3. Concept of four windows on water resource management

Arguments for a cultural approach to conservation address two questions. First, “What are the values we wish to conserve?” This reflects concerns over the narrowness of perspectives expressed in current conservation theory and practice, helps clarify the non-material objectives of conservation, and contributes to the evolution of new conservation approaches. Second, “How can we achieve conservation?” This question speaks to the fact that the biological diversity that defines current conservation objectives continues to decline (Yamin 1995), demonstrating the need for new approaches that will improve conservation delivery. The integration of cultural perspectives into mainstream conservation practice will require examination on a sector - by-sector and case-by-case basis to determine which values can, and importantly cannot, be integrated into specific conservation initiatives.

be integrated into specific conservation initiatives. Four windows of inclusive water resource management There

Four windows of inclusive water resource management

There are four different windows to observe the capital; economical, ecological, social and spiritual. While traditional accounting measures capital on monitory value with economical window, measurement from spiritual window is a subject of belief. Market behavior of people depends on the window they use to evaluate the capital, and strategies to accumulate them. People who use economical window only calculate present value of returns without considering the others welfare. Similarly, people willing to use spiritual window on the other hand do not consider the accounting benefit and cost. World of spirituality is meaningless when one looks from economical window but material achievement is less significant when observed from the spiritual. To maintain the balance between economy and spirituality is the task of social and environmental window. Natural capitalism comes from three windows, economical, ecological and social and often discards the spiritual window. As a result, our rivers, forests and other natural resources are dismantled and corrupted. With the blend of these four mixtures, we can expect to add the value to our water sources and also incept the concept of self motivation to preserve as well as utilize them.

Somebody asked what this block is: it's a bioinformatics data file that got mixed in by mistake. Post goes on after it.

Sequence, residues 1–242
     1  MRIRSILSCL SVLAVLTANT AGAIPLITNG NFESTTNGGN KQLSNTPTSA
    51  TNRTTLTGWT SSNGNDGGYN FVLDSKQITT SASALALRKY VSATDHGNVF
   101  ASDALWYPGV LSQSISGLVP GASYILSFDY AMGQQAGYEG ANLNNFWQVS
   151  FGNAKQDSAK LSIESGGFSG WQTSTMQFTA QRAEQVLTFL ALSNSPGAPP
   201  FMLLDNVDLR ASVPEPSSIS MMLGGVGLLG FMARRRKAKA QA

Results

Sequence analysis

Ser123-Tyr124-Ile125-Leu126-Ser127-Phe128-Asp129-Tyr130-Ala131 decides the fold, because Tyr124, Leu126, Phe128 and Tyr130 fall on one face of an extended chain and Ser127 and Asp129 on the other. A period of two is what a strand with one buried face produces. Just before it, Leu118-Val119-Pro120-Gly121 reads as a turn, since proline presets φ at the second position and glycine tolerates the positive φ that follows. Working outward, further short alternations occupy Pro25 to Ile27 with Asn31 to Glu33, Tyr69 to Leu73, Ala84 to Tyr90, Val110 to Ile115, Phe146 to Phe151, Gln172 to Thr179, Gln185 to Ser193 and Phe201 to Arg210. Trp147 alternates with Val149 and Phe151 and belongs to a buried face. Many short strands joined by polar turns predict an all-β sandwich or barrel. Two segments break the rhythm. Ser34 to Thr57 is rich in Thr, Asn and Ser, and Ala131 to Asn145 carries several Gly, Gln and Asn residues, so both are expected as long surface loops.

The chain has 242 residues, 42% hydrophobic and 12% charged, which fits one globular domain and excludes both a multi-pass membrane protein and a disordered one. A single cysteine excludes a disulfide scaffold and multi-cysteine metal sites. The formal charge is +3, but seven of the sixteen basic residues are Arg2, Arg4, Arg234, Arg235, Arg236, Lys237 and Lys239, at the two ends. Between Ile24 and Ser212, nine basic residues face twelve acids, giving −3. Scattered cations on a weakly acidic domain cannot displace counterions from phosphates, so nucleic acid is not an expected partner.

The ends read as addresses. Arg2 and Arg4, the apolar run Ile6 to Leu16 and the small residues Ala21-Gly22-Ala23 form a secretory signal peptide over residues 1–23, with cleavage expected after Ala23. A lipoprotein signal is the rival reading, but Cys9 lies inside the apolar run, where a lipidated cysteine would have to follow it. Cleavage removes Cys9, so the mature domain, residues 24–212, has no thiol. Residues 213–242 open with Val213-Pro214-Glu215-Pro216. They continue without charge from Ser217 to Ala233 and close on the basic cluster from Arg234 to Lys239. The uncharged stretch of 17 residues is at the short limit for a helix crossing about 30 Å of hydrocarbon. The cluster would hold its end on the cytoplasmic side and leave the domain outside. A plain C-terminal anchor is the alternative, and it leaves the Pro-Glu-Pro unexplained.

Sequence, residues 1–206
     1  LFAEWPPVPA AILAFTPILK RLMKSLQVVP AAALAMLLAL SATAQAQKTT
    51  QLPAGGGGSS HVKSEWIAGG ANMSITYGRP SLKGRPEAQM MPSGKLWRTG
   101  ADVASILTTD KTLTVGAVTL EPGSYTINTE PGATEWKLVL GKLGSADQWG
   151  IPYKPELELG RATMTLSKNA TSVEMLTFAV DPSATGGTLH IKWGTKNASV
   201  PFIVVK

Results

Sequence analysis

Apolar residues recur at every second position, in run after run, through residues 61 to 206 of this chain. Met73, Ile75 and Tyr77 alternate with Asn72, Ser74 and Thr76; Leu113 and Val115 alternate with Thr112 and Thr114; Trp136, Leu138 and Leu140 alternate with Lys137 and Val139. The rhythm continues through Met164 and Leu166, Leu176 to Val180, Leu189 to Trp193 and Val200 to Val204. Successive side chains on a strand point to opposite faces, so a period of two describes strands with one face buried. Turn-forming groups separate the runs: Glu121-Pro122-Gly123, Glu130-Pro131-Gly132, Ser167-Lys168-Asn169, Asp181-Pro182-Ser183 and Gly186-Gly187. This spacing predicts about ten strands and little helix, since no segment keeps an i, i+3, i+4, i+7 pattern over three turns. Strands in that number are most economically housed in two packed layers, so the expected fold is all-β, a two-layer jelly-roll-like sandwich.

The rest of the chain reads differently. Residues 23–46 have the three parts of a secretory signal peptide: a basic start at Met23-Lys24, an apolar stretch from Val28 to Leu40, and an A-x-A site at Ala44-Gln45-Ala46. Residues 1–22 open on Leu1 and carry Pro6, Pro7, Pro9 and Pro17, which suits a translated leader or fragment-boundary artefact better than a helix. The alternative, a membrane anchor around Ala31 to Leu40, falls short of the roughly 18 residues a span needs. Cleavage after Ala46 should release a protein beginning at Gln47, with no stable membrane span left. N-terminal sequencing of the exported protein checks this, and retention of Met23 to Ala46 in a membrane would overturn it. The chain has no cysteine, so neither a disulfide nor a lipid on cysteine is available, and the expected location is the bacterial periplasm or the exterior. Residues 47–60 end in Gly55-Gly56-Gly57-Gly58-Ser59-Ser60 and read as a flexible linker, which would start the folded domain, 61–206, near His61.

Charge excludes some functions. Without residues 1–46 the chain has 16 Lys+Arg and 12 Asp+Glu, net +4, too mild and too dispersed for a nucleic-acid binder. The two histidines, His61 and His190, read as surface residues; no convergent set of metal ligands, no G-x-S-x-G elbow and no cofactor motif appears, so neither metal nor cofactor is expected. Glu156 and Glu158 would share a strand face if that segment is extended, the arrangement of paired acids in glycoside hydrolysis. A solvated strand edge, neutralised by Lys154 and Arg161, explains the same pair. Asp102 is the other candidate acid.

Role of Spirituality in Watershed Management and Natural Capitalism

II. Why policies that are made to protect the watershed fails?